At the beginning of the First World War in 1914, the Battle of Penang occurred in the SMS Emden , a cruiser of the Imperial German Navy, sank two Allied warships off the coast of George Town. 147 French and Russian sailors were killed.
The Second World War, on the other hand, brought unprecedented social and political upheaval in Penang. In early December 1941, Japanese fighter planes randomly shelled and bombed George Town and wiped out the defending Allied air squadrons. While the British army had previously designated Penang Island as a fortress, Lieutenant General Arthur Percival ordered a retreat from Penang. Not only did the British leave the Batu Maung Fort south of the city, but they also covertly evacuated the European population from Penang, leaving the rest of the population to their fate. Some historians have argued that the withdrawal and silent evacuation of the European population resulted in the loss of the British sense of invincibility and that the collapse of British rule in Southeast Asia occurred in Penang rather than Singapore.
George Town fell to the Japanese Imperial Army on December 19, 1941, marking the beginning of a brutal period of Japanese occupation. Penang Island was named after the then Japanese Prime Minister Hideki Tojo in Tojo-to renamed. This time was known for the massacre of the Japanese Imperial Army of the Chinese people of Penang, which the locals considered Sook Ching were known. Women in George Town were also forced to work as comfort women by the Japanese.
The port facilities of George Town were also used by Nazi Germany as an important submarine base. Between 1942 and 1944 the port of Penang was used by submarines of the Imperial Japanese Navy, the Kriegsmarine and the Regia Marina.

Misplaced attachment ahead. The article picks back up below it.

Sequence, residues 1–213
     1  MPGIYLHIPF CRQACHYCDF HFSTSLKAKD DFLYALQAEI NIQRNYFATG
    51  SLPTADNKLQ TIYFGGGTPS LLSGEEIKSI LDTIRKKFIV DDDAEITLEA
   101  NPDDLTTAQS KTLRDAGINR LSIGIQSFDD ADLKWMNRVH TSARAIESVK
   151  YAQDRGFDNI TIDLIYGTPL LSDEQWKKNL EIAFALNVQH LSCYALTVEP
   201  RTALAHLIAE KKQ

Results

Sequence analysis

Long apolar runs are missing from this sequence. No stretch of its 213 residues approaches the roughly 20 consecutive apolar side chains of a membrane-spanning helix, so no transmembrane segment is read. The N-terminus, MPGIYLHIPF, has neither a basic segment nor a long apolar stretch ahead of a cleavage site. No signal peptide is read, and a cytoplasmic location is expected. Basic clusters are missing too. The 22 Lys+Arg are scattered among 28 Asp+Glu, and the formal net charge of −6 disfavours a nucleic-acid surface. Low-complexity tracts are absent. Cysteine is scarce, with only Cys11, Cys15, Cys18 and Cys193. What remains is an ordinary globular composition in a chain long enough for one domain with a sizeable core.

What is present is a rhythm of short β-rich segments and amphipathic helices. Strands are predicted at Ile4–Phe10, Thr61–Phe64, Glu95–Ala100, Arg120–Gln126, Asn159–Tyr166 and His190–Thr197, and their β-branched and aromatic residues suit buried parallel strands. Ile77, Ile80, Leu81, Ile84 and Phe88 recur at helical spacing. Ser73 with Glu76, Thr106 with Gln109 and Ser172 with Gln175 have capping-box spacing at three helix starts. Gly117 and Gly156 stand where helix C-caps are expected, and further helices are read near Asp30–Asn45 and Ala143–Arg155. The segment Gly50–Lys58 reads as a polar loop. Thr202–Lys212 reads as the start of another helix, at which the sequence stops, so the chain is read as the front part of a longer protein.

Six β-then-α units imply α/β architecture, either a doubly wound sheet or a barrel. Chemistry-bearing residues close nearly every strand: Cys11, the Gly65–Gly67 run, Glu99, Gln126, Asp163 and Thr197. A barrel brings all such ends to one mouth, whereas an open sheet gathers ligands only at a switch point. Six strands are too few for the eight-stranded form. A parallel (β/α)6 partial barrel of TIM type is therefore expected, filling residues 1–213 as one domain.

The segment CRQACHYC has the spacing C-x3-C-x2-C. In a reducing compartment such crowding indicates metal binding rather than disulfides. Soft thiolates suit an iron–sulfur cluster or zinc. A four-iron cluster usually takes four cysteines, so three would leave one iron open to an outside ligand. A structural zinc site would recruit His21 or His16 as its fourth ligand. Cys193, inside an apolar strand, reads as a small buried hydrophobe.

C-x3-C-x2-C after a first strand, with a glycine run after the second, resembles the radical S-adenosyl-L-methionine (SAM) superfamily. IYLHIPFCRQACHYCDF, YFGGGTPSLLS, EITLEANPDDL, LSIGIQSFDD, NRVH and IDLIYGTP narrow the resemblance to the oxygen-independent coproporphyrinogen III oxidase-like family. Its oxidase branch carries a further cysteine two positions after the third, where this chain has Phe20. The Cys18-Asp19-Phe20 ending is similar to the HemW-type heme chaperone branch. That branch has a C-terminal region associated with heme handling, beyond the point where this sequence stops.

Between 1944 and 1945, Indian-based Allied bombers repeatedly bombed George Town to destroy naval facilities and administrative centers. Several colonial buildings were destroyed or damaged, including the government offices, St. Xavier's Institution, the Hutchings School (now the Penang State Museum), and the Penang Secretariat Building. The Penang Strait was also dismantled to impede Japanese shipping.
After the Japanese surrender on August 15, 1945, the Japanese newspaper published Penang Shimbun the Declaration of surrender issued by the Japanese emperor. Under Operation Jurist, the British Royal Marines accepted the surrender of the Japanese garrison in Penang and recaptured the island of Penang on September 3, 1945.
post war period
After a period of military administration, the British dissolved the Straits Settlements in 1946 and merged the Penang Crown Colony with the Malay Union, which was then replaced by the Malaya Federation in 1948. The takeover of the British colony of Penang in Malaya alarmed Penang's people over economic and ethnic concerns. Between 1948 and 1951, the Penang Secessionist Committee was formed to avert the merger of Penang with Malaya.
The British government responded to the concerns expressed by the secessionists by guaranteeing George Town's free port status and by reinstating local elections in George Town in 1951. By 1956, George Town was the first parish in the Malay Federation to be fully elected parish council.
On January 1, 1957, George Town was given city status by Queen Elizabeth II. It became the first city within the Federation of Malaya and, more broadly, Malaysia.
In the years that followed, George Town retained its free port status, guaranteed by the British colonial authorities, before granting Malaya independence. This was not to last - in 1969, the Malaysian federal government revoked George Town's free port status, causing massive unemployment in the city.